For months you’ve been trying to get a meeting with an exciting new prospect. You’ve emailed. You’ve chatted on the phone. They seem interested, but never available. And then suddenly the stars align — they can see you tomorrow. Fantastic! Until you realize you now have less than 24 hours to put together the perfect sales pitch.
What are you going to do?
First things first — don’t panic. A sales pitch is just a story by another name — and we all tell stories all the time. You can do this.
Let’s start by writing a quick story outline. You have your hero (the prospect or someone the prospect can closely identify with). And your happy ending — the positive impact of investing in your product. Do you have your hero’s dilemma? Of course, you do — that’s the pain point you’re selling to.
Finding the Pain Point
Hopefully, overall these long months of trying to book this meeting, you’ve narrowed down what it is about this organization that qualifies it as a good prospect.
In the event you skipped this step, you’ll have to resort to generics. Does the company match your ideal buyer profile? (If it doesn’t, you’ve got to question why you wanted the meeting!) This profile should include an overview of probable pain points that will serve as your dilemma here.
For example, I sell a Sales Enablement platform, so generic pain points include:
- Salespeople can’t find the right resources at the right time
- Marketing is frustrated that salespeople aren’t using the right content
- Marketing has no idea how salespeople are using materials
- Salespeople are using print brochures instead of digital — heavy, expensive, harder to share with multiple people
If I were telling a story about our solution, these pain points would make up my dilemma.
Story Arc — AKA Your Slide Deck
Now that you have your hero and your hero’s dilemma, you can tell a simple story.
There are lots of ways to do this — some more compelling than others. But you only have 24 hours, so let’s keep it simple and give you just one option. This is Nancy Duarte’s Sparkline story structure for presentations:
Source: Presentation Guru (Bookmark this – it’s really worth a read. But not now. You need to get on with your presentation)
This image gives you a simple framework on which you can build your slide deck.
- What is = Pain point
- What could be = Impact of solution
You build these up, layer by layer, so the prospect understands both the immediate and broader impact of their current reality and that of their transformed reality with your solution. (Note: you’re talking about the impact, not the solution itself. Benefits, not features.)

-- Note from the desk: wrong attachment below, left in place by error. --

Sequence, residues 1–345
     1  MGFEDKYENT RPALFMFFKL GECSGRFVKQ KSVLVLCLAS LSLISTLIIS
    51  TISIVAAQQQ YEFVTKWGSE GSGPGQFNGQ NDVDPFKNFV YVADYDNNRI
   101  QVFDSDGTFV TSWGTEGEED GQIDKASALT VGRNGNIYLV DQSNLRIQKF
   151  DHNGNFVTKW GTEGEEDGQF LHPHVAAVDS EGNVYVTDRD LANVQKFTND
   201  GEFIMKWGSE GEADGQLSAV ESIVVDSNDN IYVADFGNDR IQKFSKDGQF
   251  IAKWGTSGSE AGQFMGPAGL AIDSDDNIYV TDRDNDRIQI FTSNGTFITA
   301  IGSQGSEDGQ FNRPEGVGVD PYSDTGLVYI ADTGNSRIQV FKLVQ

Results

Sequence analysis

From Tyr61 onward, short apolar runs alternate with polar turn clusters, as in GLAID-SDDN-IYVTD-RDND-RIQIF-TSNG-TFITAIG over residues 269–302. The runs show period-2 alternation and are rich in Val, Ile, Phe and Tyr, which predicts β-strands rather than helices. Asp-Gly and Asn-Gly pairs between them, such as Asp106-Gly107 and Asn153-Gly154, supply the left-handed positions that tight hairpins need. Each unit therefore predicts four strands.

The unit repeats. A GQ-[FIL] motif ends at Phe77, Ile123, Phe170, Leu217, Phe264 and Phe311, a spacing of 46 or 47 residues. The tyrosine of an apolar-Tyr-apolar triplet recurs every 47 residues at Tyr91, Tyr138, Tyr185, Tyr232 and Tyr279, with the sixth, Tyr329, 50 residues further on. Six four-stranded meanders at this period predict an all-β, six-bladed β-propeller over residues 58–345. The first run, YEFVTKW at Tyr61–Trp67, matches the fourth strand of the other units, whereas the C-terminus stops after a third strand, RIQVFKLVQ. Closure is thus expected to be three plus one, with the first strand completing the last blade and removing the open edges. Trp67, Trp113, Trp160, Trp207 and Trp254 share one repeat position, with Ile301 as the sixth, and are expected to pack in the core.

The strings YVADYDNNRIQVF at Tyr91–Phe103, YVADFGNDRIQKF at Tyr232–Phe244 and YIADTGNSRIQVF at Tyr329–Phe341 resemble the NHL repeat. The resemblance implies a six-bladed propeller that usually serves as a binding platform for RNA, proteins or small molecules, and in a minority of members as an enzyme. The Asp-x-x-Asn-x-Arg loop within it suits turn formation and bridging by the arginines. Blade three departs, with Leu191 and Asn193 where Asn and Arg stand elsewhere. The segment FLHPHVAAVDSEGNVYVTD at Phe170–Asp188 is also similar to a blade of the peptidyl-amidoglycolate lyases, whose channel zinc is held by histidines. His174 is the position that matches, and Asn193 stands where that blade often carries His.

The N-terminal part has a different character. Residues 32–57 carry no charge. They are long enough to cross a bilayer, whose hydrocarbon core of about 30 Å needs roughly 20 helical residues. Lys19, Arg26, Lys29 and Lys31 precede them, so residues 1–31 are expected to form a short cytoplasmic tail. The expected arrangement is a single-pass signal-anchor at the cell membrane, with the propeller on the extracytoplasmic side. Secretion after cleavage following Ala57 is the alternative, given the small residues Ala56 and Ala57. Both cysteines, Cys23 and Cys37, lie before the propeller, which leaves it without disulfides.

Basic Presentation Structure
Based on this outline, if I was putting together a very last-minute presentation, I could do something like this:
- Dark picture of current reality. All of the pain points in one brief representative story. I would probably use either a real customer “before” story or a composite character based on several different customers.
- Happy picture of same customer/character having implemented the new solution, spelling out the differences in their reality compared with 1)
- Take one pain point — emphasize the impact this was having on the business
- Show the effect of solving this pain point
- As 3 but with a different pain point
- As 4 but with a different impact
- Final bleak picture of current scenario — save the most impactful for last
- Call to action — very brief overview of the solution
- Reward — the biggest and farthest-reaching effects of transitioning to the new solution
- Summary — it takes some work to achieve the reward, but it’s worth it. Reminder of big incentives for change.
Of course, the success of this slide deck depends on whether your exciting new prospect identifies with the characters and pain points in your story. This really depends on you having done your research, properly qualifying the lead, and understanding the impact your solution could have — something that might be harder to squeeze in at the last minute.
Be Better Prepared Next Time
One of the advantages of this simple structure is you could have these slides prepared to demonstrate every pain point your solution solves. Next time you book a meeting at short notice, you will already have the necessary materials to make a convincing sales pitch — and it will be easy to tailor to the prospect according to their individual challenges. You could even spend the first few minutes of the meeting talking with the customer to get a proper sense of their dilemmas and then use a Sales Enablement Tool to put the pitch together on the fly.
When you know your product, and you believe in the benefits it can bring to your ideal customers, you don’t need a fancy slide deck to be convincing. It helps to have something visual to back you up, and to jog your memory if you need it. But your prospect is most interested in what you have to say that can solve their problems.
Storytelling is the best way to engage your prospect’s emotions and capture their attention. If you start thinking in terms of stories instead of slides, you’ll likely find the whole process much less daunting — even if you are pitching on short notice!
About the Author: Charlotte Powell is the Head of Design and Marketing at iPresent, a sales enablement platform developed by experienced sales professionals. iPresent is tailor-made to give sales teams all the tools they need to create beautiful and effective sales presentations